"History is a cyclic poem written by time upon the memories of man." - Percy Bysshe Shelley.
Many liberal professors in colleges and universities throughout the United States want us to believe that only they have all the answers on any given subject. Perhaps, nowhere else is it more evident than in the case with professors teaching history – more specifically American history. In her book, The White of Their Eyes: The Tea Party’s Revolution and the Battle over American History, Harvard University professor and New Yorker staff writer, Jill Lepore, argues that only academic historians, such as herself, truly understand the history of the American Revolution.
Published in 2010, Lepore’s book is a direct attack against the growth of the Tea Party Movement that followed the inauguration of Barack Obama in 2009. Lepore notes that her book is merely “an argument against historical fundamentalism” and hopes to “account” for the “battle over the Revolution.” Although she admits that all political sides use the American Revolution to promote their agendas, it is clear that her book specifically targets the conservative movement in the country (note the title of the book itself). She has a low opinion about the theory of originalism that many people still consider a legitimate form of understanding American constitutional history. Lepore wants people to move forward instead of remaining stuck in the past. As such, she hopes to use her expert training as an historian to end the propagandizing of American history by mediocre Americans such as Sean Hannity, Glenn Beck, Sarah Palin, and Michelle Malkin amongst others. Her intention is to show average Americans that only liberal academics understand America’s past best.
According to Lepore, the Tea Party’s version of American history is not “kooky” but the more dangerous “antihistory.” She notes, “in antihistory, time is an illusion. Either we’re there, two hundred years ago, or they’re here, among us.” Therefore, those who believe in the “illusion” are fooling themselves (and presumably others) in a standard that never existed. Lepore argues, “we cannot go back to the eighteenth century, and the Founding Fathers are not, in fact, here with us today.” She asserts that participants of the Tea Party Movement are foolish in suggesting that Americans “have forsaken” the Founders by “the latest, breaking political development-the election of the United States’ first African American president.” She adds that the Tea Party is a group of fundamentalists who think the Founders are the “prophets” and “certain historical texts” must “be read in the same spirit with which religious fundamentalists read, for instance, the Ten Commandments.” A few things are notable from Lepore’s assertions here: She feels that the Tea Party Movement is antihistorical and the Tea Party participants are all racists and self-deluded zealots.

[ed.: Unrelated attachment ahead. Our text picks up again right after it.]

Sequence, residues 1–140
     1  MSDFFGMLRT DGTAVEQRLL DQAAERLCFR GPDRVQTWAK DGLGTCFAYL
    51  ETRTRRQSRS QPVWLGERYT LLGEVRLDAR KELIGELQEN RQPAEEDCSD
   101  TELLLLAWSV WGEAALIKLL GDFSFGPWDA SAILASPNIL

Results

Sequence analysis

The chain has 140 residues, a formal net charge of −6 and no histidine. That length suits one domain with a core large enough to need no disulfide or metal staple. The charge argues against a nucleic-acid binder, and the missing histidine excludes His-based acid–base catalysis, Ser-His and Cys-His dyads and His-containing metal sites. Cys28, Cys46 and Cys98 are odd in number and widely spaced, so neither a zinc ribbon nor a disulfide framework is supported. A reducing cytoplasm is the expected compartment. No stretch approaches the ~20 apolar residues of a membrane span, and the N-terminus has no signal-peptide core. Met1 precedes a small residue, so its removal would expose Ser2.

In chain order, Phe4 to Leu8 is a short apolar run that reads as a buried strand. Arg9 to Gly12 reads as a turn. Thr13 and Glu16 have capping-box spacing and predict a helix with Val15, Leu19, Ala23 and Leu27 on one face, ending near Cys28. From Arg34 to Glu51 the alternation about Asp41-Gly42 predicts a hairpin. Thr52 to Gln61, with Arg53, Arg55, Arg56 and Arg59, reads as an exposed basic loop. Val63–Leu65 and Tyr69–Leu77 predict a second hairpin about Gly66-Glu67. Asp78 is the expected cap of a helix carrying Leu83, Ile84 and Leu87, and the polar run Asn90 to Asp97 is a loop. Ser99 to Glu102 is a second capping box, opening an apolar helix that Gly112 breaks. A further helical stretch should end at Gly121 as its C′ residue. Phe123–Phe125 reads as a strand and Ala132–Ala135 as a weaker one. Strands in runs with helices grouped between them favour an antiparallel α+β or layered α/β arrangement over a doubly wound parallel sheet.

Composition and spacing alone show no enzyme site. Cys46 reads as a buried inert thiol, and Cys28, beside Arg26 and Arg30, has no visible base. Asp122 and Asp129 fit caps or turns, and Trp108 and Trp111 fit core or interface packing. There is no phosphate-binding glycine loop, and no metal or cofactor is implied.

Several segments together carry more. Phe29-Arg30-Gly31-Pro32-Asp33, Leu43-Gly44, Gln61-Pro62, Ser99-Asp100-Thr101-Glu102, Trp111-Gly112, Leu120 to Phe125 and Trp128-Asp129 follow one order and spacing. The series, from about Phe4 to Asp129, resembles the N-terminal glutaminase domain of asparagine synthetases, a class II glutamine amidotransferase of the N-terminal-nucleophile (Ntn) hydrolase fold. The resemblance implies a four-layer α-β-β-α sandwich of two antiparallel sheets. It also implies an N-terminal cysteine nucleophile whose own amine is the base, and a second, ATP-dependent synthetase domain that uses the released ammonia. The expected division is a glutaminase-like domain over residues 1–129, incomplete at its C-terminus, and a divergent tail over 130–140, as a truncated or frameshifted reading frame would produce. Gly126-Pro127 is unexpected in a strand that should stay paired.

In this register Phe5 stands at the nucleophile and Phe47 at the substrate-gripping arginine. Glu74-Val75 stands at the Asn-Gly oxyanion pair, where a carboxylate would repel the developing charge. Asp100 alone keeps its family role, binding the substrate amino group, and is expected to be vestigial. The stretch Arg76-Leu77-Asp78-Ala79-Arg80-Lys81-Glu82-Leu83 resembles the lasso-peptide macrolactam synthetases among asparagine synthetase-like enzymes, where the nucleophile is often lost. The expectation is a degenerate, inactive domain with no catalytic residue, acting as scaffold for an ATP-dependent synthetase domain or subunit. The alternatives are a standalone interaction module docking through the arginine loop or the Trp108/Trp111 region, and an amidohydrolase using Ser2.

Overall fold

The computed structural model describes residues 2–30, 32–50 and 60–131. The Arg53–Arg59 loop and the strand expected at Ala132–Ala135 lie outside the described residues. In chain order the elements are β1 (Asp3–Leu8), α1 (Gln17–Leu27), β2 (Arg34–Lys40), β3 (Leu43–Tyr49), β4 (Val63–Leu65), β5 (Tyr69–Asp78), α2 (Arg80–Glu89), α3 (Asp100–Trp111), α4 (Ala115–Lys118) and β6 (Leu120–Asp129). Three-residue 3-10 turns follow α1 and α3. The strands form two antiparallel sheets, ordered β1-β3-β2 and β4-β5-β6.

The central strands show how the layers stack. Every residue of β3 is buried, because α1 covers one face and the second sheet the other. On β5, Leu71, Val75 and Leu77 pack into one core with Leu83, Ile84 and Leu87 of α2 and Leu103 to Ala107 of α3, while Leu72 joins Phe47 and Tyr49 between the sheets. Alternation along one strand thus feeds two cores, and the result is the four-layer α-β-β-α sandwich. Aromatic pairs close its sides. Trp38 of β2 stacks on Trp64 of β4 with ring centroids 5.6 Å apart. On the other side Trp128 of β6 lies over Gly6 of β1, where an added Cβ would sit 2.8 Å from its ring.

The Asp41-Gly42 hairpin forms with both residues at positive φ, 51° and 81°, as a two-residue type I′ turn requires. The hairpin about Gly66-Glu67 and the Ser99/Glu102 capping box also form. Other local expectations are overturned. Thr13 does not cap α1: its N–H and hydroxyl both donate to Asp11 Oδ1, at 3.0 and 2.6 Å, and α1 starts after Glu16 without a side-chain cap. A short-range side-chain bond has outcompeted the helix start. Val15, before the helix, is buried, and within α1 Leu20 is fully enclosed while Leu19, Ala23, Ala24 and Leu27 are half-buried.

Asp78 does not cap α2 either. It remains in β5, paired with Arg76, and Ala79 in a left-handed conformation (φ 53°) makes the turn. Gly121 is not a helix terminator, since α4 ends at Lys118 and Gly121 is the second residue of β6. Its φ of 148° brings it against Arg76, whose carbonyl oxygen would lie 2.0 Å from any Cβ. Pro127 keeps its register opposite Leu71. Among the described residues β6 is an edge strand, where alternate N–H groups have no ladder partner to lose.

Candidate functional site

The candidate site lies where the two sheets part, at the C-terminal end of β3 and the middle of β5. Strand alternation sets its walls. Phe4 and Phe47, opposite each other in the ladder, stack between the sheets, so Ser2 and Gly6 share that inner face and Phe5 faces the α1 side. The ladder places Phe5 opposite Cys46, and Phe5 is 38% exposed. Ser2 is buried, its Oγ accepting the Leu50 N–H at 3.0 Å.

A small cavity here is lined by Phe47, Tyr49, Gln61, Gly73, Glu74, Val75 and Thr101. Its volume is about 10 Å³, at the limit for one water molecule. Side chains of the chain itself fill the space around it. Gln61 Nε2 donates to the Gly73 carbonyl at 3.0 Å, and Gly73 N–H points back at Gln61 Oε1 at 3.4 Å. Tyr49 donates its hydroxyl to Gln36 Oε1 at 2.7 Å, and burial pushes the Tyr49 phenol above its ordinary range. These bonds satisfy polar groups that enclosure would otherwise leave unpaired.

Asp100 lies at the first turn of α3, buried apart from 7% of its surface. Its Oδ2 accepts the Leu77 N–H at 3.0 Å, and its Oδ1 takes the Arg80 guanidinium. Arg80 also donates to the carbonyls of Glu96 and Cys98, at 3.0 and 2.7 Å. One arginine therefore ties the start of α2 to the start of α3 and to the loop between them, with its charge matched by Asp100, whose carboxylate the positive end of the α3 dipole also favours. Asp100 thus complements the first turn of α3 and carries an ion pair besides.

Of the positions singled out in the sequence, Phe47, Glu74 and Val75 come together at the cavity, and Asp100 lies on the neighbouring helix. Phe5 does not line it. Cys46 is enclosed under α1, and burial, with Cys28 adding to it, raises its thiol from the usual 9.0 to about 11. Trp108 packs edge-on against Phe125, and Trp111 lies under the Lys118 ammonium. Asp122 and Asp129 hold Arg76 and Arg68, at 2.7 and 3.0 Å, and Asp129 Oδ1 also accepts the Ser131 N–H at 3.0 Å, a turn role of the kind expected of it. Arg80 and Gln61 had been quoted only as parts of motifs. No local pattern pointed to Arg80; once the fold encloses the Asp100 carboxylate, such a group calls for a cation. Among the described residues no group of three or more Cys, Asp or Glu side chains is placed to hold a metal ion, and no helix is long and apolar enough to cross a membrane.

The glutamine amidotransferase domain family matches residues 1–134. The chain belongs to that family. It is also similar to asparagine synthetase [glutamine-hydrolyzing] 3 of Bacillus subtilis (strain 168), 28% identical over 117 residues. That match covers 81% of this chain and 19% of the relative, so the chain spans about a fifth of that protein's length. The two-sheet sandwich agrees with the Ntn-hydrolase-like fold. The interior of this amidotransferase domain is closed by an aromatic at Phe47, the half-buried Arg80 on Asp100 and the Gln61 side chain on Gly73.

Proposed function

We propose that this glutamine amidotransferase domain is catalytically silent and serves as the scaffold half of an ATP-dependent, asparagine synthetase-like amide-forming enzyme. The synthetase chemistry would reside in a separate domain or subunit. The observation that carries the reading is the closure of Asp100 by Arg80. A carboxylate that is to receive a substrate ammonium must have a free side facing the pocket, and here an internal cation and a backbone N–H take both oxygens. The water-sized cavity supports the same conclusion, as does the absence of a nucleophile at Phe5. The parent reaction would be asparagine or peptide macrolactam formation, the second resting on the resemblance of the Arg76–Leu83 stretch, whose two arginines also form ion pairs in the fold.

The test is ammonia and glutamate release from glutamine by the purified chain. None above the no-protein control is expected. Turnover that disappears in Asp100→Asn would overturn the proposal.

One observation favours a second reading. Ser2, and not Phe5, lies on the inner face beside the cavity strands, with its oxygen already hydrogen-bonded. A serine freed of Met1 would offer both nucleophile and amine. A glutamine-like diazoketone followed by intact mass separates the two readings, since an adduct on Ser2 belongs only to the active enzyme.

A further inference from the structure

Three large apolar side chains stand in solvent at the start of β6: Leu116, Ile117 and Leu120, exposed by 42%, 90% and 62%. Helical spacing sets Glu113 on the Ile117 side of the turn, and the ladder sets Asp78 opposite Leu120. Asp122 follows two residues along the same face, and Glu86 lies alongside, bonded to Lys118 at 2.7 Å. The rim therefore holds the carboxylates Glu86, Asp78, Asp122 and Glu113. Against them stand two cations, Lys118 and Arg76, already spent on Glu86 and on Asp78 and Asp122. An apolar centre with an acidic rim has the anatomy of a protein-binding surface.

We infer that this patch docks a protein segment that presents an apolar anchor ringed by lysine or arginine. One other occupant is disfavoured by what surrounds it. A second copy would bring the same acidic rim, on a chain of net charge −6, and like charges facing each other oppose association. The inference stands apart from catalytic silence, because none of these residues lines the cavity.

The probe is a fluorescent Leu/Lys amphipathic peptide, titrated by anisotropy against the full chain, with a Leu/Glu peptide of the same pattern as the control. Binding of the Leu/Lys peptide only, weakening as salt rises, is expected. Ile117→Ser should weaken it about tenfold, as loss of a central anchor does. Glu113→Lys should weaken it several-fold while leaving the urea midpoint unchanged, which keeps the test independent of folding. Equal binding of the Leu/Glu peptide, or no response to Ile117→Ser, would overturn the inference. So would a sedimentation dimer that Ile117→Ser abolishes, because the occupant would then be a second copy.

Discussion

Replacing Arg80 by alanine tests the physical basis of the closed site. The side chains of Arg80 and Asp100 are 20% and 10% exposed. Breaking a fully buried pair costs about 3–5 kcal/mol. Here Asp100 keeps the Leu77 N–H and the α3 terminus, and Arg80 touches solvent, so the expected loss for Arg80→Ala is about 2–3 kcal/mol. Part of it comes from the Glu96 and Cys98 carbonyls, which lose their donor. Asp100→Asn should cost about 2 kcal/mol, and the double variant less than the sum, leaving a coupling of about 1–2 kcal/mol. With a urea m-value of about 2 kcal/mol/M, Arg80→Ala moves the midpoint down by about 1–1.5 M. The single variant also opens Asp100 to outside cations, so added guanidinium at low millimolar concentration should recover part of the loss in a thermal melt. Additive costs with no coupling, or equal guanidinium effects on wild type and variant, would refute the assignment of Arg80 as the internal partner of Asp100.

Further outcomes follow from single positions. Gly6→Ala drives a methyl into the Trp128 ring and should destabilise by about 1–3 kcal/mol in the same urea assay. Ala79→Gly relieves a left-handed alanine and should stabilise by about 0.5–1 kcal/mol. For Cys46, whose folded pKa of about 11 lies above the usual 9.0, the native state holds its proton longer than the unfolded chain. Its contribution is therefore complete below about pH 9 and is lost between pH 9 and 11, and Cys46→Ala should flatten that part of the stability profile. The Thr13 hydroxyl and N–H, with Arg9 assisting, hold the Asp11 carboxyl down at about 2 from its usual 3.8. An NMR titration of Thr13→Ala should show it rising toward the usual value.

In his masterworks, The Republic and The Laws, Cicero, the great Roman philosopher, (admired by the Founding Fathers) noted that by the time of Romulus and the formation of Rome, “men were educated and the times themselves were enlightened, there was hardly any scope for myth-making.” He continues, that although some in “antiquity” may have “accepted fabulous stories” such was hardly the case after the founding of Rome because people “by now sophisticated, made a point of deriding sheer impossibilities and rejecting them with scorn.” Clearly, Cicero recognized that people were intelligent enough to scrutinize myths and legends even in his time. Yet, Lepore only has contempt for ordinary Americans today. She feels they believe in “fables” and in “a version of American history” that has “no resemblance to the Revolution.” She contends that the emergence of the Tea Party Movement is simply an outgrowth of such “illusion.” Therefore, if Lepore is correct, Cicero must be wrong and we must admit that average Americans today are illiterate buffoons and incapable of understanding their own heritage. Unfortunately, for Lepore, I have greater faith in the works of Cicero than hers.